When designing technologies, creators tend to rely on human models, even subconsciously. For some, replicating humanity in machines is the dream. But there is also a danger that we must contend with—we may not understand ourselves well enough to recreate humanity in machines beyond stereotyped and superficial ways. Alexa and Siri are cases in point. They both represent the current standard of "virtual young women assistants," replicating a human model of traditional gender roles where women are cast as servile helpers in society. There is a considerable age-bias in technology as well. You don't get to see aged avatars in virtual assistants or hear aged voices. These biases are well-established. What we need to do, and what I'm trying to do, is work on solutions. This is the hard part that needs much creativity and academic nourishment. Only now are we recognizing the need for social justice within technology and research spaces at a large enough scale to take action and be taken seriously by the global research community.
Human Factors Engineering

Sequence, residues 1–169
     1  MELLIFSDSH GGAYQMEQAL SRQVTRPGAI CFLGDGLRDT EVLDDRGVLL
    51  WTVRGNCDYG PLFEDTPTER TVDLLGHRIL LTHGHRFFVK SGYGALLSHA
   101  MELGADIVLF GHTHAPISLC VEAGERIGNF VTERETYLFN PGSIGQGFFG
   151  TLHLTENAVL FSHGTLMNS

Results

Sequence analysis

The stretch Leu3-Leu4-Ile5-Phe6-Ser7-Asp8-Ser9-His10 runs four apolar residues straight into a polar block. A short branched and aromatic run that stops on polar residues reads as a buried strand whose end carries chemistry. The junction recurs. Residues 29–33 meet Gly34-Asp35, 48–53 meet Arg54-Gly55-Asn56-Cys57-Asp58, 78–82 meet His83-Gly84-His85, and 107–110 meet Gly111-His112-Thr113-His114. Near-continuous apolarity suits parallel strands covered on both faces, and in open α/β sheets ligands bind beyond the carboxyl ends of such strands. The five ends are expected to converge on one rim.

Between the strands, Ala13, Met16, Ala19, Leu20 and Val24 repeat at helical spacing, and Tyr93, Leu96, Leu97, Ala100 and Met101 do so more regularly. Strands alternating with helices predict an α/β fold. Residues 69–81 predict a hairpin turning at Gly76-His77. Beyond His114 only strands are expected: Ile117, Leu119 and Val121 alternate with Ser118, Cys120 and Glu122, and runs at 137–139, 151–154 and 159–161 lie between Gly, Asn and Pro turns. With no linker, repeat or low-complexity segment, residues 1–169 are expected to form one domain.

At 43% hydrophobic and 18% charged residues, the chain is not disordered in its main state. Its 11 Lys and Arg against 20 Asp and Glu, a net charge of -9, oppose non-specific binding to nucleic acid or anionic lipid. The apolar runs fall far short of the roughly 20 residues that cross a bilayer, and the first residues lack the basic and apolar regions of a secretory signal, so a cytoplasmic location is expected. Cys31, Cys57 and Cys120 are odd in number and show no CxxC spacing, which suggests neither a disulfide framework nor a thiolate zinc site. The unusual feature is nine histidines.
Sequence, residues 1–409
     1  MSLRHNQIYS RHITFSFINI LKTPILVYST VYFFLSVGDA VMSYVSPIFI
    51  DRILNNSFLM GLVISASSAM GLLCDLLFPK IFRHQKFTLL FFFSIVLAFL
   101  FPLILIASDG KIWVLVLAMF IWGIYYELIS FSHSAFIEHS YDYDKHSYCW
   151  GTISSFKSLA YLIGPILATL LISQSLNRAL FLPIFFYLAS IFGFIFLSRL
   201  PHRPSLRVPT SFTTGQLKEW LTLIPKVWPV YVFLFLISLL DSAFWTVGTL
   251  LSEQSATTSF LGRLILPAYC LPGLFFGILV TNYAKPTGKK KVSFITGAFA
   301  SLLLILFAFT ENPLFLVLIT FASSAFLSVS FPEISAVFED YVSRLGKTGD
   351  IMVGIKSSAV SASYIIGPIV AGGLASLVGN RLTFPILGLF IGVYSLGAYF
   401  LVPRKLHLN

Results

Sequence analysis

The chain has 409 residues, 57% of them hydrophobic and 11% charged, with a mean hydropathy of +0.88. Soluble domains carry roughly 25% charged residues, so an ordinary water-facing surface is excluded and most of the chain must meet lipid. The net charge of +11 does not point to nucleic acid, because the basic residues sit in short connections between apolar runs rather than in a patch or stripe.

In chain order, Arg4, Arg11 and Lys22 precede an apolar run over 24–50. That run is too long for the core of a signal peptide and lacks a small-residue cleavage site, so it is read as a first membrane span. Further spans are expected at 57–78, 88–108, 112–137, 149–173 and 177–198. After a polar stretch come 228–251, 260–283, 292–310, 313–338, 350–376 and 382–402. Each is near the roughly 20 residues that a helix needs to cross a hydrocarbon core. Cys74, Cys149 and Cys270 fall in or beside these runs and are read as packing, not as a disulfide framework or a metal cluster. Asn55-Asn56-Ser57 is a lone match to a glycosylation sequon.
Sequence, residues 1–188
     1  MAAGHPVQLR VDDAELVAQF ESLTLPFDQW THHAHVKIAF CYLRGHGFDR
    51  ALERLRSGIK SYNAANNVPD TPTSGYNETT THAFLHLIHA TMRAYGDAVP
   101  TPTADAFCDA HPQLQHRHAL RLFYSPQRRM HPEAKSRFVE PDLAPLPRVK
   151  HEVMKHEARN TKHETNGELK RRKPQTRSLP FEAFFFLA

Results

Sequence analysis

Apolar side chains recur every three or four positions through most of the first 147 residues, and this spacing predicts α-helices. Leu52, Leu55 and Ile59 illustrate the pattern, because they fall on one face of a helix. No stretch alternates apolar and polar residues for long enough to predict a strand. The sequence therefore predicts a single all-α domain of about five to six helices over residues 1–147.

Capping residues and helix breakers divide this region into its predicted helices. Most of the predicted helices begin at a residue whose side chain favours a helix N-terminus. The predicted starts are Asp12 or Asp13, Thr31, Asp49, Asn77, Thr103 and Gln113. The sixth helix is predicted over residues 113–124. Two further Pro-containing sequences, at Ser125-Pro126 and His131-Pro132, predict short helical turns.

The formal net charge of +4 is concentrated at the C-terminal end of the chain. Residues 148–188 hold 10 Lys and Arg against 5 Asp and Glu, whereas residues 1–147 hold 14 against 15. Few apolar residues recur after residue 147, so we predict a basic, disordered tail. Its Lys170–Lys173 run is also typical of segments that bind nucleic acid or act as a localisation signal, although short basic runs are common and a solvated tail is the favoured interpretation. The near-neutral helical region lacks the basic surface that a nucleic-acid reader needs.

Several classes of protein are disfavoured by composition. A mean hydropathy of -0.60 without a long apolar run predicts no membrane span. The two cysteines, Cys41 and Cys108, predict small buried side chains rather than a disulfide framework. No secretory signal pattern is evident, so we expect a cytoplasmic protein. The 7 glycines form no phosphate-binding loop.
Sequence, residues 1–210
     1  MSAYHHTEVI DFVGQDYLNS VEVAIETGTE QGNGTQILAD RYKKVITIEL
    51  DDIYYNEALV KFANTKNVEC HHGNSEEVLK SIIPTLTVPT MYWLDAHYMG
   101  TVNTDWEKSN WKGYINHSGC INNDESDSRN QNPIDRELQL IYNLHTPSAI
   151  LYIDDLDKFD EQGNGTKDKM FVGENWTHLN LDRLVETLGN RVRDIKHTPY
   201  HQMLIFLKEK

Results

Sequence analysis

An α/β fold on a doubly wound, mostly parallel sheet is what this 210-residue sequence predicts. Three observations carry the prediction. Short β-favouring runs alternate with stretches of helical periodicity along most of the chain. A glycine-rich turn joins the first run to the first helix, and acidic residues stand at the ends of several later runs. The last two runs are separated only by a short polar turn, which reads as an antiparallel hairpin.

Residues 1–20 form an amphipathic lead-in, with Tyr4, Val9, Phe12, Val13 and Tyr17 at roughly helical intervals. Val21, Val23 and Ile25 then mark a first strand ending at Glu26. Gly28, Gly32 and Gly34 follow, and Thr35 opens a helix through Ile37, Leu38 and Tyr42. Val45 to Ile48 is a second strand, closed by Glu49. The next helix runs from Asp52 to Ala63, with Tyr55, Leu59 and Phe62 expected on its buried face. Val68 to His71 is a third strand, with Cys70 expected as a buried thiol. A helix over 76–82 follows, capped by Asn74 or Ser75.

Exploring the human factor in interfaces, interactions, and experiences
Serious Games & Gamification
Applying playful strategies and crafting games for serious pursuits
Inclusive Design & Critical Computing
Designing to support diversity, from age to disability and beyond
Attitude & Behaviour Change Methods
Research themes of the Lab for Aspirational Computing at Tokyo Tech (ACTT).
A lot of my research has focused on achieving attitude and behavior change through strategies like gamification and gameful design. I've tended to focus on evaluating the effects and contributions of playful experiences on the lives of specific user groups, like older adults or people with disabilities. I think something that really highlights how our perceptions on social justice and bias have changed is that older adults were a "niche" group when I started working with them a decade ago. Now our rapidly ageing societies have pushed "the older adult user" to the forefront of research.